Page Banner

United States Department of Agriculture

Agricultural Research Service

Title: Social Stress Increases Fecal Shedding of Salmonella Typhimurium by Early Weaned Piglets

Authors
item Callaway, Todd
item Morrow, Julie
item Edrington, Thomas
item Genovese, Kenneth
item Dowd, Scot
item Dailey, Jeffery
item Anderson, Robin
item Nisbet, David

Submitted to: Proceedings of Allen D Leman Swine Conference
Publication Type: Proceedings
Publication Acceptance Date: September 15, 2003
Publication Date: September 15, 2003
Citation: CALLAWAY, T.R., MORROW, J.L., EDRINGTON, T.S., GENOVESE, K.J., DOWD, S.E., DAILEY, J.W., ANDERSON, R.C., NISBET, D.J. SOCIAL STRESS INCREASES FECAL SHEDDING OF SALMONELLA TYPHIMURIUM BY EARLY WEANED PIGLETS. PROCEEDINGS OF ALLEN D. LEMAN SWINE CONFERENCE. 2003. V. 30(SUPPL.). P. 19.

Technical Abstract: Weaned pigs are often transported to grower facilities in groups and may be co-mingled without regard to farm of origin. The present study was designed to determine the effect of mixing and social stress on populations of Salmonella typhimurium in early weaned pigs. Piglets (7 d old; n = 14, in each of 2 replicates) were separated into 2 groups (control and mixed groups). One 'seeder' pig from each group was removed and inoculated via oral gavage with 10**9 CFU of S. typhimurium. Each seeder was placed into a pen (n = 4 pens), containing (n = 6) non-inoculated piglets. Each day, one piglet was exchanged between both mixed groups, to simulate mixing stress (long term); control pigs were not exchanged. Pigs were mixed daily for 5 d, and behavior was recorded continuously. Groups had significant behavioral differences; mixed pigs devoted significantly (P< 0.05) less time to eating (P< 0.05), to rooting (P< 0.05) and performed less agonistic (defensive) behavior (P< 0.05), indicating that they were under a form of social stress. Fecal swabs were enriched each day to qualitatively monitor shedding of S. typhimurium; more mixed pigs shed Salmonella than did control groups. Upon slaughter, rectal Salmonella concentrations in mixed pigs were greater (P< 0.05) than in control pigs but cecal Salmonella concentrations were not altered by mixing. When tissues from the tonsils, ileo-cecal lymph node, cecum and rectum were enriched for Salmonella, the mixed group demonstrated more susceptibility to tissue invasiveness (i.e., Salmonella-positive tonsils and lymph nodes) than did control pigs. Additionally, more pigs in the mixed group shed Salmonella 5 d after inoculation. These results indicate that social stress induced by mixing groups of weaned pigs may increase susceptibility to and/or fecal shedding of foodborne pathogenic bacteria.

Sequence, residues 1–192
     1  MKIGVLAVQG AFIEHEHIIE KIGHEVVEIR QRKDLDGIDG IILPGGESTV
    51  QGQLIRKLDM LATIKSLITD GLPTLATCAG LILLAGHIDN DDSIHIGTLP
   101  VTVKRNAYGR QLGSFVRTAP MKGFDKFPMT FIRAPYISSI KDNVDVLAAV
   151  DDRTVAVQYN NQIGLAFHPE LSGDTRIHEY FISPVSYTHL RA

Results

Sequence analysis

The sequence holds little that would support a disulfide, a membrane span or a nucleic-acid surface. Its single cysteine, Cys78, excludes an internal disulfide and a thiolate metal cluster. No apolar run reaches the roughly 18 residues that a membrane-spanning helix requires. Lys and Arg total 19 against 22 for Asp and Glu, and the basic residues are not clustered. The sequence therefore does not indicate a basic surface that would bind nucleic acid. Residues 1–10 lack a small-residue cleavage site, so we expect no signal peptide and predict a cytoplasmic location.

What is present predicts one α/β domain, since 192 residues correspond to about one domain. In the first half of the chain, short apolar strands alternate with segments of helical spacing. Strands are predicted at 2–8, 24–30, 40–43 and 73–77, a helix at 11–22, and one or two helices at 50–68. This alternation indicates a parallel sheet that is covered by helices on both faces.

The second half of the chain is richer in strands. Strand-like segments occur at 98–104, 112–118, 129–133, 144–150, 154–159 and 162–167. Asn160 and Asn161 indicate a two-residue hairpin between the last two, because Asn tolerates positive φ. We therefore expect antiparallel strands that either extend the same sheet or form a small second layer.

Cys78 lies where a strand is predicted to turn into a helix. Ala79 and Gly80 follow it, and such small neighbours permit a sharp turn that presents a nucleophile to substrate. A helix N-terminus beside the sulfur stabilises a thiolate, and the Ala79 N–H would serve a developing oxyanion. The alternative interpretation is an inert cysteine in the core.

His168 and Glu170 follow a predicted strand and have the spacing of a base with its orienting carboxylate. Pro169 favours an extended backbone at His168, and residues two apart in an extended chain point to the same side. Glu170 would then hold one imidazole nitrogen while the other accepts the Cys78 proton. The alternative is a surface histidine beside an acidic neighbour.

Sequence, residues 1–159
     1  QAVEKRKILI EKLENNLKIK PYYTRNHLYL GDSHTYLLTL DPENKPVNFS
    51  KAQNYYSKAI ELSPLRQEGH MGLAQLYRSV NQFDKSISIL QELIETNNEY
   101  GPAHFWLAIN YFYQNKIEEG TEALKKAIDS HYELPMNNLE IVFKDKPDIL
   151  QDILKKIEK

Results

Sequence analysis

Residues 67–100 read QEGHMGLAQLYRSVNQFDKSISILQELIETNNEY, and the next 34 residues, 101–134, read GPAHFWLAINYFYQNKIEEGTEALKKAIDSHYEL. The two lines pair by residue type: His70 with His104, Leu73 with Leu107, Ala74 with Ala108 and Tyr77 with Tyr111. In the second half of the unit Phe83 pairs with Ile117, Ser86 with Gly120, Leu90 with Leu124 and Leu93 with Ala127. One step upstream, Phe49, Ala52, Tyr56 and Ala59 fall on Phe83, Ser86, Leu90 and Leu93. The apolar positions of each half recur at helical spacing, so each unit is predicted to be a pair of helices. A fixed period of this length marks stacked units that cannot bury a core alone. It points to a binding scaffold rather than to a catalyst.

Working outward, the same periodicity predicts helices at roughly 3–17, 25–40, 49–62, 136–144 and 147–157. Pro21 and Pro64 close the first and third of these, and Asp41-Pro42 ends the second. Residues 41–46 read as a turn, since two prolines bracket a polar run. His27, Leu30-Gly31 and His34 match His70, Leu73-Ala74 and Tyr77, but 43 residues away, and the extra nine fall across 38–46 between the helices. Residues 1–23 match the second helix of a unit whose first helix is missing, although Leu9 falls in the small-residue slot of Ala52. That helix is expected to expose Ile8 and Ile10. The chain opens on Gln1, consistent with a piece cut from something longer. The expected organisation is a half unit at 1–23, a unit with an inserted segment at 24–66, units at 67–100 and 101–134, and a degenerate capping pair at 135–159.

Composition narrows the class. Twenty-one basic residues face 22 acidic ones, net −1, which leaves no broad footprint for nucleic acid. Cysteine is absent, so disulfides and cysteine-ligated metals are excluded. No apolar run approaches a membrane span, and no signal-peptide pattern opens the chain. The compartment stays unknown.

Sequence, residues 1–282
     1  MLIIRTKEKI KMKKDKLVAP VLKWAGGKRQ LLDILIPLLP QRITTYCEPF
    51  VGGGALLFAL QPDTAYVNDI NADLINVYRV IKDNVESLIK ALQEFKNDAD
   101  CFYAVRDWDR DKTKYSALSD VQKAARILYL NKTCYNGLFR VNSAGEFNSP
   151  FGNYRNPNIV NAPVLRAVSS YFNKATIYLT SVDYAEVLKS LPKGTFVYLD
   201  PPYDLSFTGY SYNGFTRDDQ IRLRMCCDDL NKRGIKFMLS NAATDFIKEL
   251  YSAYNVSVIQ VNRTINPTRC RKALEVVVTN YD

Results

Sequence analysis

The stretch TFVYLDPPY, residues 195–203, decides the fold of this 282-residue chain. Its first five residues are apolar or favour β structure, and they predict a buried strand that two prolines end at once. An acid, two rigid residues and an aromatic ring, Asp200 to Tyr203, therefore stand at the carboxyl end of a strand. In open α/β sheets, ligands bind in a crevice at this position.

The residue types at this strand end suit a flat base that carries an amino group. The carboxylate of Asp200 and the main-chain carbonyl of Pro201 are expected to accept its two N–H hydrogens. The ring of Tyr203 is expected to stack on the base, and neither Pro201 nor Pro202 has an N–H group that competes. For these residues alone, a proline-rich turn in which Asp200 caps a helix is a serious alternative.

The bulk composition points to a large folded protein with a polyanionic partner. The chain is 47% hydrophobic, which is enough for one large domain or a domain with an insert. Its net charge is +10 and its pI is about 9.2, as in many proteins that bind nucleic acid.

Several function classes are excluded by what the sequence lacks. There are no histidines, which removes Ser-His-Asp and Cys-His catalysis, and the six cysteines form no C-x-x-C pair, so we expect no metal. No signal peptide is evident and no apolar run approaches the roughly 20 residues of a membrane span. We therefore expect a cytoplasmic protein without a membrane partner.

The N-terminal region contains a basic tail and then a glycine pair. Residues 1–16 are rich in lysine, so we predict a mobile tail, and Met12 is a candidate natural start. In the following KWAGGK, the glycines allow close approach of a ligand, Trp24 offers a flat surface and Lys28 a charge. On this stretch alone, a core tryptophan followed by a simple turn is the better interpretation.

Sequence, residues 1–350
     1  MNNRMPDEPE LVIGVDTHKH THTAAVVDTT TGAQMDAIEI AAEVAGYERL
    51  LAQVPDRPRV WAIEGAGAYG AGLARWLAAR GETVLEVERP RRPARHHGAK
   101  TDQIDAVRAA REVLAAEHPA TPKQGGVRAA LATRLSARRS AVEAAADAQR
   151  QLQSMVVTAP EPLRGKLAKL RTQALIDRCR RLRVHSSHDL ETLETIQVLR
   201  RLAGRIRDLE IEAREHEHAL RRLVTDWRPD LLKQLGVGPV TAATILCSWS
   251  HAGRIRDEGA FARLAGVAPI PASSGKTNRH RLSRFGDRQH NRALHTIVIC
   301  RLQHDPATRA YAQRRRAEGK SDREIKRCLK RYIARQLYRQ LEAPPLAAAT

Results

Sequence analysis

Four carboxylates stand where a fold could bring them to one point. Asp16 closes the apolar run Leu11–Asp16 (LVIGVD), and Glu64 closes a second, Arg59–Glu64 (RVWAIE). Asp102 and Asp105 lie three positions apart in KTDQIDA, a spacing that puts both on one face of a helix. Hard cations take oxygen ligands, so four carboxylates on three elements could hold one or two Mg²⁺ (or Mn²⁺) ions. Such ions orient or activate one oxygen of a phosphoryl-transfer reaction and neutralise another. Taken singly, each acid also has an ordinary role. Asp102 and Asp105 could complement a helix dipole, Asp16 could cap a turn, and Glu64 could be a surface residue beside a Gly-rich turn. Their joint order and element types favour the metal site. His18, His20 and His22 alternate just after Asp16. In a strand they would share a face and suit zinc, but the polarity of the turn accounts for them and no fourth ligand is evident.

Last Modified: 9/2/2014
Footer Content Back to Top of Page